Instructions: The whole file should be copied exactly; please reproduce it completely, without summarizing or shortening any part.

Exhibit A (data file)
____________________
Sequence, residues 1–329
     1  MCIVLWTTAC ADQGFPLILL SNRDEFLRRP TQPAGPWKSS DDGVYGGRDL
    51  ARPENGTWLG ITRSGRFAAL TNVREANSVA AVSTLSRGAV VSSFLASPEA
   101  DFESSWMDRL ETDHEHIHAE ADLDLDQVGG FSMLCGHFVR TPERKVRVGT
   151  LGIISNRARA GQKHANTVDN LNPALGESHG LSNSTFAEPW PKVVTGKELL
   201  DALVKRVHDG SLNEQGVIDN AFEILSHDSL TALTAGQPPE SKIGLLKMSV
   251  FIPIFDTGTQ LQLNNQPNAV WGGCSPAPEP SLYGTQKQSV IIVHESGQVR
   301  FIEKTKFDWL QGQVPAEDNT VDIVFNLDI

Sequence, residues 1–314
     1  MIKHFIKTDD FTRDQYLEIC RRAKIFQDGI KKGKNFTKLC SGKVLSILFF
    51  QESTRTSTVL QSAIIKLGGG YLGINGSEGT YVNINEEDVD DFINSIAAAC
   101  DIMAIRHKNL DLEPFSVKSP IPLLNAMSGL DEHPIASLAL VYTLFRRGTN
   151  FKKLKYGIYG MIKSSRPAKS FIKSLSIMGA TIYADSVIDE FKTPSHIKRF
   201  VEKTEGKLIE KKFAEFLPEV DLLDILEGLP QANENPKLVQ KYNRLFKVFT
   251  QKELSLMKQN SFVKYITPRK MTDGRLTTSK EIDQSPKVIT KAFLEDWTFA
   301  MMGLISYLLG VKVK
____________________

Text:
Sequence, residues 1–329
     1  MCIVLWTTAC ADQGFPLILL SNRDEFLRRP TQPAGPWKSS DDGVYGGRDL
    51  ARPENGTWLG ITRSGRFAAL TNVREANSVA AVSTLSRGAV VSSFLASPEA
   101  DFESSWMDRL ETDHEHIHAE ADLDLDQVGG FSMLCGHFVR TPERKVRVGT
   151  LGIISNRARA GQKHANTVDN LNPALGESHG LSNSTFAEPW PKVVTGKELL
   201  DALVKRVHDG SLNEQGVIDN AFEILSHDSL TALTAGQPPE SKIGLLKMSV
   251  FIPIFDTGTQ LQLNNQPNAV WGGCSPAPEP SLYGTQKQSV IIVHESGQVR
   301  FIEKTKFDWL QGQVPAEDNT VDIVFNLDI

Sequence, residues 1–314
     1  MIKHFIKTDD FTRDQYLEIC RRAKIFQDGI KKGKNFTKLC SGKVLSILFF
    51  QESTRTSTVL QSAIIKLGGG YLGINGSEGT YVNINEEDVD DFINSIAAAC
   101  DIMAIRHKNL DLEPFSVKSP IPLLNAMSGL DEHPIASLAL VYTLFRRGTN
   151  FKKLKYGIYG MIKSSRPAKS FIKSLSIMGA TIYADSVIDE FKTPSHIKRF
   201  VEKTEGKLIE KKFAEFLPEV DLLDILEGLP QANENPKLVQ KYNRLFKVFT
   251  QKELSLMKQN SFVKYITPRK MTDGRLTTSK EIDQSPKVIT KAFLEDWTFA
   301  MMGLISYLLG VKVK